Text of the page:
In writing that draft, Wilson crafted many of the clauses and phrases that have become so important in American law: the Vesting Clauses, for example, at the beginning of Articles One, Two, and Three; the Necessary and Proper Clause, on which I have written extensively, which is a critical provision in the Constitution for understanding the separation of powers; the Take Care Clause, which goes to the heart of presidential authority; and the Supremacy Clause. Drawing upon a resolution that had been adopted by the convention, Wilson framed the first version of the Supremacy Clause in the Committee of Detail draft. And in composing it, he did something really critical, which was to subordinate state constitutions to federal law. Wilson was a nationalist, who often thought of ways to enlarge federal authority. He also was one of the strongest champions of implied national powers at the convention and thereafter.

Wilson’s fingerprints are all over the Constitution, including on some issues that we look at today with regret, like the great compromises over slavery.  We should note that Wilson had a large hand in crafting some of those compromises. Later, he played a crucial role in the campaign to ratify the Constitution. When it came time to do so, he arguably became the leading Federalist spokesman, at least during the early phases of ratification, both in his State House Yard speech, and then in the Pennsylvania Ratifying Convention. Wilson went first, in many instances, in laying out what became the standard Federalist arguments about the Constitution—arguments that were later picked up and elaborated in other state ratifying conventions. Pennsylvania was the first large state to ratify the Constitution, and Wilson played an extraordinary role in that convention and in shaping the Federalist defense of the Constitution more generally. Gordon Wood and others have written about this topic, and I think it is really important.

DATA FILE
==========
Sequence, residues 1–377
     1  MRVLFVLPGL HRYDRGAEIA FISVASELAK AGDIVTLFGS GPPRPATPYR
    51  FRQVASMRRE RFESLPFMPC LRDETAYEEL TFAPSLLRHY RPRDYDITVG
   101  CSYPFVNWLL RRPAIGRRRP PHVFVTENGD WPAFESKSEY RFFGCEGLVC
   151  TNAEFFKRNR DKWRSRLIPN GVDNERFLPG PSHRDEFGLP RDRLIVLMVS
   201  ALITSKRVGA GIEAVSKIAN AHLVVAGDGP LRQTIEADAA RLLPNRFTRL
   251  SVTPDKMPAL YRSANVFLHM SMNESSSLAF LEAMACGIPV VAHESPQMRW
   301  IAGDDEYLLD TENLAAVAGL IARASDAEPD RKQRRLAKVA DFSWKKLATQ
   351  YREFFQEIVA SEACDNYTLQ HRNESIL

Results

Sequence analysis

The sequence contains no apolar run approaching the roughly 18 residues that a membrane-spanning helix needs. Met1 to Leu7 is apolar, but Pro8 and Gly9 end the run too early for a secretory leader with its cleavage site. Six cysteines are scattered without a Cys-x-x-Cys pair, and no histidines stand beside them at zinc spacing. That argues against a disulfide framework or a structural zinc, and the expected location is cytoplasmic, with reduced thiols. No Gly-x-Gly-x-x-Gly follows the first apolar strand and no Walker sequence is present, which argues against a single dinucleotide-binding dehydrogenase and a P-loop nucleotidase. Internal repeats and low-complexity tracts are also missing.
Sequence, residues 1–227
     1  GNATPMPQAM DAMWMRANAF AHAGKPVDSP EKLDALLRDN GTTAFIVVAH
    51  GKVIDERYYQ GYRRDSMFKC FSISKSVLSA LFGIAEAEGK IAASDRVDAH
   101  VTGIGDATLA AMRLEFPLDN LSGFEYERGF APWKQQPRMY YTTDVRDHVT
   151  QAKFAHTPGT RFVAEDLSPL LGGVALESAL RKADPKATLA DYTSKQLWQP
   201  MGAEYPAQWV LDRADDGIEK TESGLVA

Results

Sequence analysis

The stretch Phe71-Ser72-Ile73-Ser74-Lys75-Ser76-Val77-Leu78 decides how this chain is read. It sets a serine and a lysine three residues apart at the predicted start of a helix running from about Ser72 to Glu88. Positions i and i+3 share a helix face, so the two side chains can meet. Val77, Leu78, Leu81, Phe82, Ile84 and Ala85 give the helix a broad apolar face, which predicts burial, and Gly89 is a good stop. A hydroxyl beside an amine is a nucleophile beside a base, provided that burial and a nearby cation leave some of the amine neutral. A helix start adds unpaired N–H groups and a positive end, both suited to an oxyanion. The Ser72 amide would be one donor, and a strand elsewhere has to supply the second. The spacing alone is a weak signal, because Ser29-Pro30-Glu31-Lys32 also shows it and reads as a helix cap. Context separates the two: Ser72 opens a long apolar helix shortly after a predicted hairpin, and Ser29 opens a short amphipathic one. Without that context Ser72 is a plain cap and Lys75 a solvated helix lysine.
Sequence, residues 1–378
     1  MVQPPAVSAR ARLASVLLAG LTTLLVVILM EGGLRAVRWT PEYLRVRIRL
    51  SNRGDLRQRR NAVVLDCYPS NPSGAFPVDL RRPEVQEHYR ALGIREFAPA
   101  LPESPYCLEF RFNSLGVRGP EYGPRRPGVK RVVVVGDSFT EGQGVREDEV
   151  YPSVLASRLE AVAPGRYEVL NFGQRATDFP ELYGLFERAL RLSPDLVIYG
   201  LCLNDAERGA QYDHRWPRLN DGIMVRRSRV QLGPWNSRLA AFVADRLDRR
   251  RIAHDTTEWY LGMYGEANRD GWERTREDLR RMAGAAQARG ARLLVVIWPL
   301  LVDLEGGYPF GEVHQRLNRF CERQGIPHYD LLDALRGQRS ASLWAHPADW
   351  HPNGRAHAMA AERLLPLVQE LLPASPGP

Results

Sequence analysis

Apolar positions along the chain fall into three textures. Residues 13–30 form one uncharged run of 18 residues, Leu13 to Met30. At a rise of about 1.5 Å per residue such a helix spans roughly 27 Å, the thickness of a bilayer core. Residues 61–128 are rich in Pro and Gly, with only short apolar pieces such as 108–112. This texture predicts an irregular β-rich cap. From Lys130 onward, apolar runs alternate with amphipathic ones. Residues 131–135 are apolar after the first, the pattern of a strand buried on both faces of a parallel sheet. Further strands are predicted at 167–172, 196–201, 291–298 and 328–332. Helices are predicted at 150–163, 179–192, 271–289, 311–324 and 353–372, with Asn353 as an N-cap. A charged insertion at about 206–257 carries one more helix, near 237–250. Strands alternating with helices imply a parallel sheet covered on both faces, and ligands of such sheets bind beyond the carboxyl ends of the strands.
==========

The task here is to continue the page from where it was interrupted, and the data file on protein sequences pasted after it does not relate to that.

There are passages in The Federalist Papers written by Hamilton, Madison, and Jay, for example, that come straight from Wilson. In fact, I think that debt has not yet fully been chronicled. Some of it rises almost to the level of plagiarism. Then, after the Constitution is adopted, Wilson goes on to the Supreme Court. He is one of George Washington’s first appointments to that body. As Maeva Marcus, who is the leading expert on the early years of the Supreme Court, has pointed out, Wilson was quite diligent and devoted in this role and took his job on the Court quite seriously. He was hardworking. He rode circuit and in doing so, he crisscrossed the United States, perhaps more than any other Justice. Wilson traveled throughout the United States – north, south, and the middle part of the country—publishing important jury instructions along the way. Finally, of course, there are his law lectures, which fortuitously come down to us through the efforts of his son, Bird Wilson, because it’s quite possible we might never have seen the law lectures, given how Wilson’s life ended. From original notebooks he possessed, Bird Wilson published the first edition of the law lectures in 1804. They are a rich store of jurisprudential ideas that has not fully been tapped, brimming with interesting things from the standpoint of intellectual history.